For the most part, equity funds got clobbered in the first quarter. But equity funds in the sustainable investing category got clobbered a little less. While that moral victory doesn’t quite assuage the awful feeling associated with losing a good chunk of change in the markets, it does speak to the viability of this particular investment approach, says Morningstar analyst Jon Hale.

In a recent report, Hale looked at how 206 U.S.-listed sustainable equity open-end mutual funds and exchange-traded funds performed versus their respective categories during the pandemic-fueled market rout. These 206 funds include all actively managed and index-based funds, as well as green-sector funds of various types.

He notes that sustainable, or environmental, social and governance (ESG) funds aren’t an asset class, per se. As such, they’re grouped together with conventional funds within Morningstar’s standard categories.

Hale reported that the first-quarter returns of 70% of sustainable equity funds ranked in the top halves of their respective categories and 44% ranked in their category's best quartile, while 11% finished in their category's worst quartile.

“Based on first-quarter returns, sustainable funds were substantially over-represented in the top quartiles and top halves of their peer groups,” Hale wrote.

Next, he analyzed 26 sustainable equity index funds (mainly ETFs) versus conventional index funds across the U.S market., non-U.S. developed markets and emerging markets. This group includes funds that mimic traditional market indexes while tilting toward companies with better ESG assessments, and excludes products focused on specific themes such as gender diversity, low carbon and other areas. It also left out a few ESG growth and value indexes.

Among U.S. stock index funds, Hale found that 10 of the 12 sustainable funds in the large-blend category had smaller losses than the iShares Core S&P 500 ETF (IVV) in the first quarter. The average ESG passive fund returned a negative 18.5% versus a 19.6% drop in the IVV.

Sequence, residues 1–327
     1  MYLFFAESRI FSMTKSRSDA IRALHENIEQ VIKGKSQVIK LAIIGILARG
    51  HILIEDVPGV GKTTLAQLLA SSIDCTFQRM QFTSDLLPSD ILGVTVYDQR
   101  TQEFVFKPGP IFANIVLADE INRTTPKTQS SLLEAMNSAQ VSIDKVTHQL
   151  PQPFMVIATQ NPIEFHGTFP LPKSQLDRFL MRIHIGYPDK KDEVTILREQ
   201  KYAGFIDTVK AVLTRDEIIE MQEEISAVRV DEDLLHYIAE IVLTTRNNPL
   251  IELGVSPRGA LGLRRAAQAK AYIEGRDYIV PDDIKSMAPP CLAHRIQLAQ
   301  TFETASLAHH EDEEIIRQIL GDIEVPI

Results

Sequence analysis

Those returns are net of fees, an important consideration given that the dozen ESG passive funds have an average expense ratio of 0.16%. IVV’s expense ratio is 0.04%.

The best-performing U.S.-focused sustainable index fund last quarter was the IQ Candriam ESG U.S. Equity ETF (IQSU) that tracks a proprietary index developed for fund sponsor IndexIQ by European sustainable asset manager Candriam. That fund lost a tad more than 16%.

Sal Bruno, IndexIQ’s chief investment officer, posited that the fund’s relative outperformance was helped by its focus on higher-quality companies that he believes should be more sustainable over the long haul.

“It didn’t underperform and you didn’t sacrifice anything by investing according to your conscience,” he said. “You were pretty much in line with the market, if not a little bit better.”

The IQSU fund launched in December, and its net expense ratio is 0.09%.

ESG Drivers
Among non-U.S. developed markets in the foreign large-blend category, all 11 passive sustainable funds did better in the first quarter than the iShares Core MSCI EAFE ETF (IEFA). That group of 11 funds lost an average of 21.3% compared to IEFA’s loss of 23.5%.

As with all of these comparisons, the results are net of fees: the 11 funds have an average expense ratio of 0.34% while the IEFA fund charges 0.07%.

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